Normal mayor wants town to draft rules to allow auxiliary housing
Normal Mayor Chris Koos is praising Bloomington for enacting auxiliary housing rules that allow a small second dwelling on a property that can prevent sprawl.
"It allows you to maybe have a relative or a friend of family maybe going to to Illinois State University in a single-occupied small unit on your property. If it ends up being a rental, it helps the homeowner cover the cost of his or her housing," said Koos.
He wants Normal to follow Bloomington’s move with an ordinance of its own, acknowledging rules governing the practice can be complicated.
"You have to get the details right: setbacks, size of the lot, access to the lot, parking possibly. Those are things you have to look at. And the easiest way to start is to see who is doing it successfully and see what they are doing," said Koos.
He said large cities have allowed auxiliary housing for a long time.
Koos said the presence of ISU would likely not make potential auxiliary housing units in Normal much different than the ones in Bloomington, though that is an issue to be concerned about.
“If you limit the occupancy and the size of the property, it should not be a problem. There's always the 20% rule and it applies to the 21,000 university students. Maybe 20% of them, probably less than that, would be what we call a problem or unruly. The rest of the ISU students are here to get an education. They're serious about it. I'm more focused on that group of people,” said Koos.
Setback rules and lot size limits for auxiliary housing often are meant to be safety and fire code related. But Koos said there should be aesthetic considerations in the code, too.
“Absolutely. Most of these units tend to be in the rear yard and kind of isolated, so you have to be probably paying as much attention to your back fence neighbor as you do your next door neighbor. Certain aesthetics should probably apply to that. A lot of them I've seen have been on top of garages and the garage is an existing footprint already,” said Koos.
In an interview for WGLT’s Sound Ideas, Koos also addressed issues raised recently in problematic communication by council member Stan Nord to town staff. Nord sent a two-page email to the city clerk’s office staff hinting at felony prosecutions if staff did not correctly publicize petition filings by candidates seeking to run for offices that do not exist or which are not elected positions.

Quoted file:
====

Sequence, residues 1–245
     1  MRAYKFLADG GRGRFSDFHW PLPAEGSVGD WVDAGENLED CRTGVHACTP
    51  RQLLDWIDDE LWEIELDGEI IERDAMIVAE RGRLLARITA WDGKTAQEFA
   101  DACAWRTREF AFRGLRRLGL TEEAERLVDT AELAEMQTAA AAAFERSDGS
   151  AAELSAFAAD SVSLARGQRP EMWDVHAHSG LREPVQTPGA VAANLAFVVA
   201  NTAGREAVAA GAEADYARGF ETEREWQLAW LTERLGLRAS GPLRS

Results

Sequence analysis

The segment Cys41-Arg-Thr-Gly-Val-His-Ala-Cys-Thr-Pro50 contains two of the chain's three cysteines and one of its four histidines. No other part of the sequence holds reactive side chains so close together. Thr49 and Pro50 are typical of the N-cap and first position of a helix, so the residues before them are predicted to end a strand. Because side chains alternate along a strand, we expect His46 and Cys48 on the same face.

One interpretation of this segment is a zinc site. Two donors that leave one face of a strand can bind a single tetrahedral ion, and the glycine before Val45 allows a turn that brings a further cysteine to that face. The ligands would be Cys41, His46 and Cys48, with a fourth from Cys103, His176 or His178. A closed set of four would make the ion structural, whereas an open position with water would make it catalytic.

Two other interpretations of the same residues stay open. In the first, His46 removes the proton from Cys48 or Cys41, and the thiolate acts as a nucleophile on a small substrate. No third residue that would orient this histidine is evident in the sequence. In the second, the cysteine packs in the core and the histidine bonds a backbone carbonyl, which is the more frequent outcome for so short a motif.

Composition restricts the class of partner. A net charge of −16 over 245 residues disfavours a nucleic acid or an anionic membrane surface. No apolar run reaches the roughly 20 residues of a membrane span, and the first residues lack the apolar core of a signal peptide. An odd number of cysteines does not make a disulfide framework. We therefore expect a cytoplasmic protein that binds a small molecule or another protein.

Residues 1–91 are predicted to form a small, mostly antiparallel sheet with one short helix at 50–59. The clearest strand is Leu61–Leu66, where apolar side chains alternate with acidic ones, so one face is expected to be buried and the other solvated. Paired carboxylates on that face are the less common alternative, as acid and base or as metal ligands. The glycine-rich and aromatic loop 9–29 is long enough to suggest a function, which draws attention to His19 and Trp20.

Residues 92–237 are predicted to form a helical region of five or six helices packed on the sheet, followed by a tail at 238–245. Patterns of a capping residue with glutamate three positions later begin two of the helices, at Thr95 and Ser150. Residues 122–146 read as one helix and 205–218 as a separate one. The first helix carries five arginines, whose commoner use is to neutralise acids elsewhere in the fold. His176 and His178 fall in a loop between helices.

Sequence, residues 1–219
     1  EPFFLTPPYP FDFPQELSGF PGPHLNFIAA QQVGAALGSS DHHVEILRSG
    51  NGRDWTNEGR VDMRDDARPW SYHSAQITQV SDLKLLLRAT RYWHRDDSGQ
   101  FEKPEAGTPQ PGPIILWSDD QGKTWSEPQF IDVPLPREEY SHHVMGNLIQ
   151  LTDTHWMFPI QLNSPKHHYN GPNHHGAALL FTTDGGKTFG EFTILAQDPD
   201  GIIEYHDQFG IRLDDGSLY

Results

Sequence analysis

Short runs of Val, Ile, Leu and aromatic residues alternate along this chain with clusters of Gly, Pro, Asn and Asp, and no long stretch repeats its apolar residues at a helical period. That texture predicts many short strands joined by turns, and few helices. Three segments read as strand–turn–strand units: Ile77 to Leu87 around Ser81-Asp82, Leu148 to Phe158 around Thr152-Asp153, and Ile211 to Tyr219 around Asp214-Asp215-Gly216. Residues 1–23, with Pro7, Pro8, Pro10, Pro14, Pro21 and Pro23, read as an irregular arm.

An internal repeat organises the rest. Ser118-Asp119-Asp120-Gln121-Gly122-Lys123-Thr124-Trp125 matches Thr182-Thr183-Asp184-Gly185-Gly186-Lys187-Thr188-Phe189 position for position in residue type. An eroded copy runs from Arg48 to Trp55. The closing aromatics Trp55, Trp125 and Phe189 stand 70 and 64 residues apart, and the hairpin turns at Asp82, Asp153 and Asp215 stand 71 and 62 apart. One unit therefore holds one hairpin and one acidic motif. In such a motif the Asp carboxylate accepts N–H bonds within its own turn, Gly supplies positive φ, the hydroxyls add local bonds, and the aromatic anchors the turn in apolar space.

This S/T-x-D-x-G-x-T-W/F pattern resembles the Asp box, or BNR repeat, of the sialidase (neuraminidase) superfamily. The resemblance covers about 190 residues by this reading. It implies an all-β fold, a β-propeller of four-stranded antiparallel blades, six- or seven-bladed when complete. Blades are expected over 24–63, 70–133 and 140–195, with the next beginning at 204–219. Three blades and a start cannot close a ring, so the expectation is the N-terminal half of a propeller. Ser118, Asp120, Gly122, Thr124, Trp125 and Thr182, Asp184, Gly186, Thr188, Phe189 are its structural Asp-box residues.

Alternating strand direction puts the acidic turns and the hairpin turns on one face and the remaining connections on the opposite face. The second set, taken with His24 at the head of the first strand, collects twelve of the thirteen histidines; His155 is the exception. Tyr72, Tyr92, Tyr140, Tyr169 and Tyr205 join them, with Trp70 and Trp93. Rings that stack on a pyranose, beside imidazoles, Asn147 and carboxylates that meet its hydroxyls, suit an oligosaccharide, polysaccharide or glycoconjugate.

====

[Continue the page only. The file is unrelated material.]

He said the other council members were very clear this week that they condemn Nord’s action, and he is disinclined to seek a formal censure vote by the council.
“They really don't carry any formality or legality,” said Koos. "Really, in terms of the law around municipal elected officials, censure really doesn't exist. It's more of a formal position from a body and if the body wants to do that, we can move forward with it,” said Koos.
Nord after Monday's council meeting that he was sorry if deputy clerk Jodi Pomis felt intimidated by his email. He said the emails content was meant to be "helpful and informational."
Koos said that given the language in the note that the law doesn't protect town employees who knowingly engage in felonies, he didn't find Nord’s assertion of helpfulness credible.
“I actually don't. Mr. Nord may have thought his intentions were helpful. But his rhetoric was not, as evidenced by the reaction of Ms. Pomis and other people in the office. They were very upset,” said the mayor.
Koos also raised an issue of proper chain of command. Council members are supposed to go to the city manager first with questions or concerns.
“Mr. Nord has been told time and time again, to take it up with the city manager or me if he has issues, which he has yet to do. I've talked to Mr. Nord, maybe twice in four years outside of the council chambers,” said Koos.
Koos said he didn't want to go on the record defining what Nord has created as a "hostile workplace environment," leading to potential legal liability issues.
“But are the indications in that direction? Absolutely,” said Koos.
Koos said the town legal staff is exploring whether the town would be liable for not doing enough to forestall Nord, if a court were to find that there was a hostile work environment, adding he is not aware of any statute that can protect town employees from similar Nord missives.
“We have looked at that. We'll probably revisit that again. But in terms of legal action against an elected official state, law pretty much dictates that you almost have to commit a felony for any kind of action,” said Koos.